Her second fault is that she “teacheth.” This was forbidden (1 Cor. 14:34; 1 Tim. 2:12). And it appears that even those prophetesses who had an extraordinary gift from God, as Philip’s daughters had (Acts 21), yet were not publicly and authoritatively to preach. For Paul commands them silence even when he is speaking of extraordinary prophets (1 Cor. 14). And we will not find in the New Testament (at least) any ground for a woman publicly to officiate in the Ministry of the Gospel as an authorized office bearer.
Jezebel seduces others to error.
The third part of her challenge is that by her teaching she did “seduce:” which is a challenge to her, even if she had been guilty of none of the former two. This, to wit, seduction and leading people out of the way of truth, does ever almost follow upon persons usurping a calling to themselves, or upon persons stepping without their own bounds and station to teach. And we will seldom find persons to run unsent in any of the former respects; but itching after some new thing, has had influence upon them, to carry them outside their bounds, as we may see in Jezebel here [in the church of Thyatira], and ordinarily through the Scripture and church history.
The particulars wherein she seduced her hearers, are two. The first is, “to commit fornication,” that is, by her asserting fornication to be no sin, she occasioned and stirred them up to take liberty therein, which possibly otherwise they would not have done. The second is, “to eat things sacrificed to idols,” that is, by propounding the indifference of meats, and pretending to Christian liberty, she induced them without all respect to scandal, to eat of these things—to the stumbling, grieving, and wounding of others that were weak and tender. Which two, are the very doctrines and practices of the Nicolaitans, as was shown in the epistles to Ephesus and Pergamos (Rev. 2:1-7; 2:12-17).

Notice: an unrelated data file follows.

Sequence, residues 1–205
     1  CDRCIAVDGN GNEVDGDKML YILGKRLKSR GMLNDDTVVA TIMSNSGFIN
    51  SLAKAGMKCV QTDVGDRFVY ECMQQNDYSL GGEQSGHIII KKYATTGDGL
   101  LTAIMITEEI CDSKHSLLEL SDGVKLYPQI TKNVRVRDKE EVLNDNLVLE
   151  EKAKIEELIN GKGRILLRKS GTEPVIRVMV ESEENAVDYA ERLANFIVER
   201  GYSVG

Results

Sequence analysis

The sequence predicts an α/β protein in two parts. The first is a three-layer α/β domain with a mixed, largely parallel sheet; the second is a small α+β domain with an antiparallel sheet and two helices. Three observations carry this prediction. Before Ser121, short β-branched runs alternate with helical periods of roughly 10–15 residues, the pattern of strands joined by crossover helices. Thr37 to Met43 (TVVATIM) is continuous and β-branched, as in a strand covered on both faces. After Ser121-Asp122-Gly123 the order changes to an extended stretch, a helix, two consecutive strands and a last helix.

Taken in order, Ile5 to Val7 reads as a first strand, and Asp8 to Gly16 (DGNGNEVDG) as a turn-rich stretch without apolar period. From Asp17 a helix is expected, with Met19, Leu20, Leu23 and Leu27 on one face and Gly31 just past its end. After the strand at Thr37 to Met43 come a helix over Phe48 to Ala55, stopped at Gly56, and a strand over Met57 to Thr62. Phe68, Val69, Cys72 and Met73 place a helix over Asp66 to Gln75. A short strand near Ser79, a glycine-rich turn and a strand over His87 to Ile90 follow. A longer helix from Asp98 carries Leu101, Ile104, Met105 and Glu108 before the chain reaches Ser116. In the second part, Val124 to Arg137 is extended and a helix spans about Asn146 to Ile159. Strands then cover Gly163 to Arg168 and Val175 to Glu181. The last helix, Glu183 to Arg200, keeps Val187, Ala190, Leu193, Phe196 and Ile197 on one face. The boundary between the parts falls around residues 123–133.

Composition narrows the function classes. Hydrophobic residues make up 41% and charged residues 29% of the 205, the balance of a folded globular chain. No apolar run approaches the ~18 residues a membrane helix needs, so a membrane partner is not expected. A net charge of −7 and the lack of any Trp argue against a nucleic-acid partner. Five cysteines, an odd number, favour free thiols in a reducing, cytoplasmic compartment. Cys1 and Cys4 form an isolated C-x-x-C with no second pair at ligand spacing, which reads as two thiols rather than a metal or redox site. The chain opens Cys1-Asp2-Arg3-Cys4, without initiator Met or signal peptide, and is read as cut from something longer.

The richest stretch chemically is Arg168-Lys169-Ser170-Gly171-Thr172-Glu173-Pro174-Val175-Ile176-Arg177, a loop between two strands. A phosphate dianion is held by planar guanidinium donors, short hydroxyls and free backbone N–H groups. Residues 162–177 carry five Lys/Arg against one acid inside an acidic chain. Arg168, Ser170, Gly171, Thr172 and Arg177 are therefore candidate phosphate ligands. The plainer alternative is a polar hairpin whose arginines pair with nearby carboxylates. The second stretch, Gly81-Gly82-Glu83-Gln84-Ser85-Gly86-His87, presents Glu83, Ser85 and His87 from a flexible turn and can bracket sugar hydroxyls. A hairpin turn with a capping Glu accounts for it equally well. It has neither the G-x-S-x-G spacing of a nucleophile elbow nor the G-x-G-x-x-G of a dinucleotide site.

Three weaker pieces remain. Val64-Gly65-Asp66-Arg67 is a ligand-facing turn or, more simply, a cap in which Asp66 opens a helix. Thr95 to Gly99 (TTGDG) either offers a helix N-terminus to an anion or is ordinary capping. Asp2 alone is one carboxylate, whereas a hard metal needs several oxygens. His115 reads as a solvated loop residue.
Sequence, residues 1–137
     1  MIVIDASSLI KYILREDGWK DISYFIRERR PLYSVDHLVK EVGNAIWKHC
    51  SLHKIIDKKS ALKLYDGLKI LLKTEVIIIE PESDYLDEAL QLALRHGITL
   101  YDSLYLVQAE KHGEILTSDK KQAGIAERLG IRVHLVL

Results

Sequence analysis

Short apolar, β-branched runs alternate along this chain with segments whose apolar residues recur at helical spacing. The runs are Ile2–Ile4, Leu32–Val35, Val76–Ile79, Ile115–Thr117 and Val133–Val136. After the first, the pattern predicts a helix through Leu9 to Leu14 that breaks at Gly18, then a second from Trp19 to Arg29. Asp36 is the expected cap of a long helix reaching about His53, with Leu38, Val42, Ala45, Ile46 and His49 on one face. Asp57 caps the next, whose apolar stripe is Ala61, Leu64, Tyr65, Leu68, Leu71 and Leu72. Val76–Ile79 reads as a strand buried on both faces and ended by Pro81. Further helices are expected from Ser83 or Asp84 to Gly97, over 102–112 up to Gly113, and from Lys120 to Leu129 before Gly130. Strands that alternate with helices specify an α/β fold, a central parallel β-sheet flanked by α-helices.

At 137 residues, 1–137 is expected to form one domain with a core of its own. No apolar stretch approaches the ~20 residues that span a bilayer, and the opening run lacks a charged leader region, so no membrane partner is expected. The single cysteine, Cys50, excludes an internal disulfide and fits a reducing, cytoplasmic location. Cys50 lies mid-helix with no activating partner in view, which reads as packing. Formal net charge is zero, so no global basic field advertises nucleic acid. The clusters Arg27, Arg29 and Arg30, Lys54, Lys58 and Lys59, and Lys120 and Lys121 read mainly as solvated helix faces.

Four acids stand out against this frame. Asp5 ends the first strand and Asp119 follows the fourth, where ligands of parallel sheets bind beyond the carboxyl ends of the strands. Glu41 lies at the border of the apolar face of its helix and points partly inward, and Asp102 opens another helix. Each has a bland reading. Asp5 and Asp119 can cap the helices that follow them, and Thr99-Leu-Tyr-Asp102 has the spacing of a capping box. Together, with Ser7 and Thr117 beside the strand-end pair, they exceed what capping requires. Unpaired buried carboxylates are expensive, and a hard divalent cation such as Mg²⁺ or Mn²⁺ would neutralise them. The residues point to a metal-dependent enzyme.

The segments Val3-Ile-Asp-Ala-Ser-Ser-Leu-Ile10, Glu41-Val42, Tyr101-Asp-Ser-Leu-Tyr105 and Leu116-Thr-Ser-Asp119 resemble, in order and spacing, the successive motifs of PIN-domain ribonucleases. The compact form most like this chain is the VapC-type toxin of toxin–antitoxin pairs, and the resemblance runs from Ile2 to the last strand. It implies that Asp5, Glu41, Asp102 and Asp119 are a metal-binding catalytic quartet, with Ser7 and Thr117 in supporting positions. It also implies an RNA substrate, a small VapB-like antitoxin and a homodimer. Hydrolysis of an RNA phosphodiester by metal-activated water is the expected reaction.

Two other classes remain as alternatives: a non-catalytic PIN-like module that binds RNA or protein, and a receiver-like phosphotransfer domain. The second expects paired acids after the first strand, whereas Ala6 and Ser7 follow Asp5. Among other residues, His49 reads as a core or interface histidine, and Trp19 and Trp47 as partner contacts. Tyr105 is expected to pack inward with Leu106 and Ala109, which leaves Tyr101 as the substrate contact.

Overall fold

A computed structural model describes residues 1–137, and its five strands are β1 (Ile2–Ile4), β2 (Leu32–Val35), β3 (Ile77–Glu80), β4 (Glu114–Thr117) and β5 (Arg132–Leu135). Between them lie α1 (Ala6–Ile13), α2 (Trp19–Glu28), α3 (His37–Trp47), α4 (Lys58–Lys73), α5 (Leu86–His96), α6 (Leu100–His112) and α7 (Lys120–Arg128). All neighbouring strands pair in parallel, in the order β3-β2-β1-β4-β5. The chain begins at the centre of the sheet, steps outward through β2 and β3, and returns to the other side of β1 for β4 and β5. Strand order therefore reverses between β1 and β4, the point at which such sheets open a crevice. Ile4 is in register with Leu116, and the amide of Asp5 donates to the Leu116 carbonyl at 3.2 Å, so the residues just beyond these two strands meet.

Church officers reproved by Christ for allowing false prophetesses.
But it is a different quarrel from this which the Lord has with the angel [i.e. elders of the church]. It is expressed thus: “because thou sufferest that woman Jezebel,” etc. That is, not that they countenanced her in her errors, or did hear her in her teaching, but that they suffered her, and did not impede her.
One thought on “Four Reasons Satan Enlists Women in His Schemes”
“Moses in this place [Exodus 22:18], setting down a judicial law against witches, uses a word of the feminine gender (mecashepha), which in English properly signifies a woman witch. Whereupon some might gather that only women were witches. Howbeit, Moses, in this word, exempts not the male, but only uses a notion referring to the female for good causes, principally for these two:
“First, to give us to understand that the woman, being the weaker sex, is sooner entangled by the devil’s illusions with this damnable art than the man. And in all ages it is found true by experience that the devil has more easily and more often prevailed with women than with men. Hence it was that the Hebrews of ancient times used it for a proverb, “The more women, the more witches.” His first temptation in the beginning was with Eve, a woman, and since then he pursues his practice accordingly, as making most for his advantage. For where he finds easiest entrance and best entertainment, thither will he most often resort.
“Second, to take away all exception of punishment from any party that shall practice this trade, and to show that weakness cannot exempt the witch from death. For in all reason, if any might allege infirmity, and plead for favor, it would be the woman who is weaker than the man. But the Lord says that if any person of either sex among His people is found to have entered covenant with Satan, and become a practitioner of sorcery, though it is a woman and the weaker vessel, she shall not escape, she shall not be suffered to live, she must die the death. And though weakness in other cases may lessen both the crime and the punishment, yet in this it shall take no place.”
—William Perkins, The Damned Art of Witchcraft, Works IX, pp. 370-1.